Kazakhstan Ratifies Treaty on Caspian Sea Legal Status

Caspian Sea

Must read

Astana – The Majilis, the lower house of parliament of Kazakhstan, recently ratified the Convention on the Legal Status of the Caspian Sea, which took more than 20 years in the making. The parliament of Turkmenistan has already nodded yes to the agreement.

Earlier on August 12, 2018, the leaders of Azerbaijan, Iran, Kazakhstan, Russia, and Turkmenistan, meeting in the Kazakh port city of Aqtau, signed a new convention on the legal status of the resource-rich Caspian Sea — a matter disputed between the five neighbors for more than two decades.

“As a direct participant in the negotiation process, I can confidently say that the delegations of the five coastal states have done a lot of hard work on the basic document, taking into account the interests of all parties,” Kazakhstan’s Foreign Minister Kairat Abdrakhmanov was cited as saying during a plenary session of the Majilis on December 26, 2018. “All parties highly appreciated the merits of Kazakhstan in this document, the personal contribution of the head of our state, the success of the summit, his constructive position throughout the entire negotiation process,” he added.

While a report from RFE/RL quoted that Russian President Vladimir Putin and his Iranian counterpart, Hassan Rouhani, hailed the agreement between the littoral states, it said Kazakh President Nursultan Nazarbaev noted that the nations also agreed to set up a “special mechanism of regular five-party consultations under the auspices of the Foreign Ministries” to implement the provisions of the convention.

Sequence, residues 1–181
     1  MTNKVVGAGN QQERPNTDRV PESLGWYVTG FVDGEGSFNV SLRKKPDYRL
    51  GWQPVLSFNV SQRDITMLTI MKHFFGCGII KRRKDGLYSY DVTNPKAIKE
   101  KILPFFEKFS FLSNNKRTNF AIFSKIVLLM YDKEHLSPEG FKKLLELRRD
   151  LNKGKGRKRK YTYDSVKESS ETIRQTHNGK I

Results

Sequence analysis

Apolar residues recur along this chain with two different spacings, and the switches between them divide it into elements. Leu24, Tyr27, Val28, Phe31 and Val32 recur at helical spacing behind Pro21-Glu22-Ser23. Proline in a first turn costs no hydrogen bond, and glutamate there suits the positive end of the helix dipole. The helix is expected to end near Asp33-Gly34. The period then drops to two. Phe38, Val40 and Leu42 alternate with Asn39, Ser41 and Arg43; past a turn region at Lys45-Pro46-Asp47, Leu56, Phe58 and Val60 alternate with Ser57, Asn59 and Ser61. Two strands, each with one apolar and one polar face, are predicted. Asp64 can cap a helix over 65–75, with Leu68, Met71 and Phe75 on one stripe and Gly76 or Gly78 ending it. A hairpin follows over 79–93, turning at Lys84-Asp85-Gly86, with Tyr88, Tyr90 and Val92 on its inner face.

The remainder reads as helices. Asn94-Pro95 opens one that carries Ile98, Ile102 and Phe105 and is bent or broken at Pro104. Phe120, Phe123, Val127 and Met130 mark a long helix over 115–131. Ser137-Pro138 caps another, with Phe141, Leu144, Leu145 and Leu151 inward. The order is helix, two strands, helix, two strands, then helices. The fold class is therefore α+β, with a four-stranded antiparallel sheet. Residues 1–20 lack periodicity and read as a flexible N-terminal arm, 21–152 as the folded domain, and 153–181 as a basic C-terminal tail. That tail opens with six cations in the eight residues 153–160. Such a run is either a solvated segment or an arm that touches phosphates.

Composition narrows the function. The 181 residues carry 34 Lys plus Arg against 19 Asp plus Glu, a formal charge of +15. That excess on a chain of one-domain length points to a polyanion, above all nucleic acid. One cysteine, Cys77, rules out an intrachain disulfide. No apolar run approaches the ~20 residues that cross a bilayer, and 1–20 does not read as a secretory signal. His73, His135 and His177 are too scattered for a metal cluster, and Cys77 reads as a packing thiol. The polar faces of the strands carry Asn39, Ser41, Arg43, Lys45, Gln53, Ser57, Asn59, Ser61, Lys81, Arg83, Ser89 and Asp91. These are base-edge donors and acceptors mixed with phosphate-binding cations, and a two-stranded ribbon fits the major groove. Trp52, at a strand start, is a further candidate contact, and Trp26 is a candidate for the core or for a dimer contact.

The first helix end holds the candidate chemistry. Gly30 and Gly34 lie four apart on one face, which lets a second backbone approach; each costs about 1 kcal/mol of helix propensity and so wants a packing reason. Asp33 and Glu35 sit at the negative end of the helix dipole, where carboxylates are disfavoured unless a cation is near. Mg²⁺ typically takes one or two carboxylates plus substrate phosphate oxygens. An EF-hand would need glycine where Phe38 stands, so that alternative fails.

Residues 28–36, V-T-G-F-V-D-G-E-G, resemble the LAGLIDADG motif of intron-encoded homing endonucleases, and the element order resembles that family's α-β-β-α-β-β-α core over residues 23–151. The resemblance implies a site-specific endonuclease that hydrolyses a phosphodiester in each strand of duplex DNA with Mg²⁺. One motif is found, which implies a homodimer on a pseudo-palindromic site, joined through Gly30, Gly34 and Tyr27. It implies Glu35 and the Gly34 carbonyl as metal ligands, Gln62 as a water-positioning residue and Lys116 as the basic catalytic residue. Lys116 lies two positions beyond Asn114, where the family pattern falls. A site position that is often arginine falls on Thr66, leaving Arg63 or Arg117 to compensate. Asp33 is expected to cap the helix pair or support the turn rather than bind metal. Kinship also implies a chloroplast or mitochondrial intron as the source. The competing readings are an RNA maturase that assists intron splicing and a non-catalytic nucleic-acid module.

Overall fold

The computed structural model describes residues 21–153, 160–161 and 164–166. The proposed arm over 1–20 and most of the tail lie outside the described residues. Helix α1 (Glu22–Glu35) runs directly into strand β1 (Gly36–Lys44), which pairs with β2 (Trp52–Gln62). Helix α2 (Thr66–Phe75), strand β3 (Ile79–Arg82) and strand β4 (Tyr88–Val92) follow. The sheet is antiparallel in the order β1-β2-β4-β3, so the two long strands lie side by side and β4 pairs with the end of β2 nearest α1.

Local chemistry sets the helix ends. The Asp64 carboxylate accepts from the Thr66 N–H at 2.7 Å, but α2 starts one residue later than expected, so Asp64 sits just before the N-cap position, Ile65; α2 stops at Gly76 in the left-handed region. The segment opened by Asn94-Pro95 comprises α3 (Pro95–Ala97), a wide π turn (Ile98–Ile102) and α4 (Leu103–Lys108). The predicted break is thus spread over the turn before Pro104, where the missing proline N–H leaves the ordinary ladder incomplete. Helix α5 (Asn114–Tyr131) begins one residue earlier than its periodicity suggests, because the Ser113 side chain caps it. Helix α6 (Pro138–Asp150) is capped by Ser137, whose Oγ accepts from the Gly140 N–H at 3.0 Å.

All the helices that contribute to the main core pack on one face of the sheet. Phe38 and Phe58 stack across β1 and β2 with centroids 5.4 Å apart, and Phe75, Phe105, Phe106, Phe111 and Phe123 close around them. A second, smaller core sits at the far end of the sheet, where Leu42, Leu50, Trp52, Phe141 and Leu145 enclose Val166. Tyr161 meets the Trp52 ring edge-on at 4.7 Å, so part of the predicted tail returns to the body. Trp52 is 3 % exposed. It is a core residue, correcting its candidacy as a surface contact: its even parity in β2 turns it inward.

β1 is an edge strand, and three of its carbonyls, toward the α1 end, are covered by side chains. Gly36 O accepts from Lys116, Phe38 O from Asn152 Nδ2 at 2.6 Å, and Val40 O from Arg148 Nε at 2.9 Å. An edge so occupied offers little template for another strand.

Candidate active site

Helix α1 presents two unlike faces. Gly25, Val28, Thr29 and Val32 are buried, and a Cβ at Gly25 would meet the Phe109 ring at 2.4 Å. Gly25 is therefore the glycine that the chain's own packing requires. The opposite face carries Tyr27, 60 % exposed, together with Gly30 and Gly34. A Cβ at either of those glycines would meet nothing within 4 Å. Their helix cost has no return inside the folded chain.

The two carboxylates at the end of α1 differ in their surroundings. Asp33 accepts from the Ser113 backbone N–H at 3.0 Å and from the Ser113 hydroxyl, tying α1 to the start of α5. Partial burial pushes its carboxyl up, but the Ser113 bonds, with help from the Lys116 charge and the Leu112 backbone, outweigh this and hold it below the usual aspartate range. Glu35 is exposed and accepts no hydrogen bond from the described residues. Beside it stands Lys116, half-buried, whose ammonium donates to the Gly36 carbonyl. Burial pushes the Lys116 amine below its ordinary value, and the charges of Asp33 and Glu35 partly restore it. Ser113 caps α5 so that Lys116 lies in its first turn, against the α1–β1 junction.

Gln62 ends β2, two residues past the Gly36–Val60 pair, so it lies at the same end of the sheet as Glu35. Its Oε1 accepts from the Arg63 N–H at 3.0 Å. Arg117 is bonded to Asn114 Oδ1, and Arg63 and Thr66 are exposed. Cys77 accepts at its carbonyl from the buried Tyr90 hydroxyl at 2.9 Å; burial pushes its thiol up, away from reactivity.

The summit was also attended by Azerbaijani President Ilham Aliyev and Gurbanguly Berdymukhammedov of Turkmenistan. With the collapse of the erstwhile Soviet Union, the Caspian Sea shoreline opened to five countries instead of earlier two — the Soviet Union and Iran. Reports suggest at stake are tremendous amounts of resources including trillions of dollars’ worth of hydrocarbons in the seabed, which holds about 50 billion barrels of oil and nearly 9 trillion cubic meters of natural gas in proven or probable reserves.

+ posts

More articles

Latest article